Analog Video Is Dead, Analog Audio Lives On. Why?

It’s official. Analog video is dead. On the other hand, analog audio is still alive and well, thank you very much. Why is that? Why was analog video so unloved, while analog audio is beloved?

You may already know the story. Funai Electric, the sole remaining manufacturer of VHS machines, announced that it ceased production at the end of July (Betamax machines disappeared back in 2002). Funai produced over 750,000 units last year, but apparently their sales, not surprisingly, were eroding. Still, that’s a respectable sales figure; I suspect they were having difficulty sourcing subassemblies from their suppliers. If you stockpiled a few million video head drums in your basement, the parts manager at Funai may be eager to take your call. But, in reality, the era of VCRs with flashing 12:00s is coming to an end.

But a question remains: Why does analog audio flourish while analog video is now dead? Analog audio enthusiasts would certainly point to sound quality as the number-one reason why analog audio still thrives. In contrast, the argument might go, analog video’s quality was always lacking. But is that really the case? While analog video formats such as Betamax and VHS never provided spectacularly good quality, the analog picture quality of the Laserdisc format was very good, and yet it was easy for DVD to push it aside. If performance was the most important factor, and if analog signals possessed some magical property, Laserdisc might still be around.

A variation on the argument might be that analog audio has magical properties, while analog video does not. Hence the survival of one and the demise of the other. There might be some truth in that argument, but I think there’s more to the story.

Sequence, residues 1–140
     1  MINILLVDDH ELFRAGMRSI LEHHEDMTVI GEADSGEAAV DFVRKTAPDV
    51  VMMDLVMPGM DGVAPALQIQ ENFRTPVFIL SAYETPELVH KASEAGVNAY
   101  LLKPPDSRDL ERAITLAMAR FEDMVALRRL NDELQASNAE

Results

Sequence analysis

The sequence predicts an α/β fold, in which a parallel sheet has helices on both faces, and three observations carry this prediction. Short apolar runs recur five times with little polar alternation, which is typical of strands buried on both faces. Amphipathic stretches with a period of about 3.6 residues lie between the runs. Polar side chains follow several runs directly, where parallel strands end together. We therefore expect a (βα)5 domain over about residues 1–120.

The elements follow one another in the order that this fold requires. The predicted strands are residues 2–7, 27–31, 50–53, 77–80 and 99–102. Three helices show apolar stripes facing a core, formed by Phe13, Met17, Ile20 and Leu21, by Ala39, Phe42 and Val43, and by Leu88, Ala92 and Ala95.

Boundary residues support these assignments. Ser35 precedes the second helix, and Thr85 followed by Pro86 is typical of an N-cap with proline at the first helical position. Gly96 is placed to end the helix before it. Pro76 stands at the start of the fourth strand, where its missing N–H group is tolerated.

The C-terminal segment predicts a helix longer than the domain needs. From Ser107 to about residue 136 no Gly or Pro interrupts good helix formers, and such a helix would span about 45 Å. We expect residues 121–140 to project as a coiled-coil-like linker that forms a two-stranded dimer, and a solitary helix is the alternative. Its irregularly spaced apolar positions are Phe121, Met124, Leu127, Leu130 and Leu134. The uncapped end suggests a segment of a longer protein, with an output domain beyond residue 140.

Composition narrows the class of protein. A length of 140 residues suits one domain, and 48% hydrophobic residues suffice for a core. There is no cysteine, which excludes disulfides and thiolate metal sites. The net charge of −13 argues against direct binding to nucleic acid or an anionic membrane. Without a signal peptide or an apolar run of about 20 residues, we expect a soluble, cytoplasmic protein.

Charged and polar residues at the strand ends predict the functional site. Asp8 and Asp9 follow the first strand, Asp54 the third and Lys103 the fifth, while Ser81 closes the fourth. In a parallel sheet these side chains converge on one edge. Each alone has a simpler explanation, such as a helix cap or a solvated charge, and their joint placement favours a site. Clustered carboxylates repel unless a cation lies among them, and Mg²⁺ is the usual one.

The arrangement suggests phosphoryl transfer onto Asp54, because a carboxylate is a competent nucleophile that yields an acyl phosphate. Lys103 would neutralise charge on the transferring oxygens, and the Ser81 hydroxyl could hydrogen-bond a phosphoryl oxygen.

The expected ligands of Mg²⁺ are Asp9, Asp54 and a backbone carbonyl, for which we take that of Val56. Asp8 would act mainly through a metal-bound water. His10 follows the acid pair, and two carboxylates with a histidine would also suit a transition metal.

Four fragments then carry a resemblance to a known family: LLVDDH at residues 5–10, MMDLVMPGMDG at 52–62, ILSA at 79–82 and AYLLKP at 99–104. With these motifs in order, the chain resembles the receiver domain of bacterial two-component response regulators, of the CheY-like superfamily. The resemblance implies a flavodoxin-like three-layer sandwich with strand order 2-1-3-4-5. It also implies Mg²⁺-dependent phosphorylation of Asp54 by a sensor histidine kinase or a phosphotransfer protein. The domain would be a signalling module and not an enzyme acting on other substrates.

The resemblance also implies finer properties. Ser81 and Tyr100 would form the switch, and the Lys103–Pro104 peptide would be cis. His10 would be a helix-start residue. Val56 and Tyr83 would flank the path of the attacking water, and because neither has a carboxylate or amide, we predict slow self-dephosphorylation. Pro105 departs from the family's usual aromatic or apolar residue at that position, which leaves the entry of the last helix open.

The Laserdisc is gone because of the Compact Disc. Given the CD’s popularity, it was easy for DVD, with excellent sound and picture quality, to piggyback onto CD and displace Laserdisc. Consumer analog videotape is gone because the performance was never very good; in all fairness, though, professional analog video formats performed extremely well. So the problem wasn’t analog video per se, it was the fact that the low price points of consumer analog video recorders necessarily limited their performance, and low-cost digital video players could perform better. It’s also worth noting that tape is inherently a PITA, and digital video discs are infinitely more convenient. Clearly, for a multitude of reasons, analog tape was always destined to be short-lived.

Still, why does analog audio persist? Analog audio open-reel tapes are pretty much gone, as are audiocassettes. It is specifically the vinyl record that persists and thrives. And why is that? One reason, certainly, is a combination of the fact and myth of its sound quality. Another reason, I think, is the purity, the elegance of the format. The black disc is dramatic; you can look at its surface and see the loud and soft portions of the music. When a shaped diamond is placed in the groove, it is wonderful to see that music emerges from such a simple machine. In contrast, the tape cartridges, loading slots, spinning drums, and clunky mechanics of analog video is as unsexy as it gets. Except to the superbly talented engineers who invented helical-scan technology, there is nothing fascinating about it. A slowly rotating disc with an undulating stylus—that is sexy.

Somewhere, someone is shedding crocodile tears over the passing of the VCR. But it’s not me, or anyone I know. Still, the format deserves our respect. Put a record on your turntable, and play an analog song, in remembrance of our departed analog brother.

COMMENTS
Deus02's picture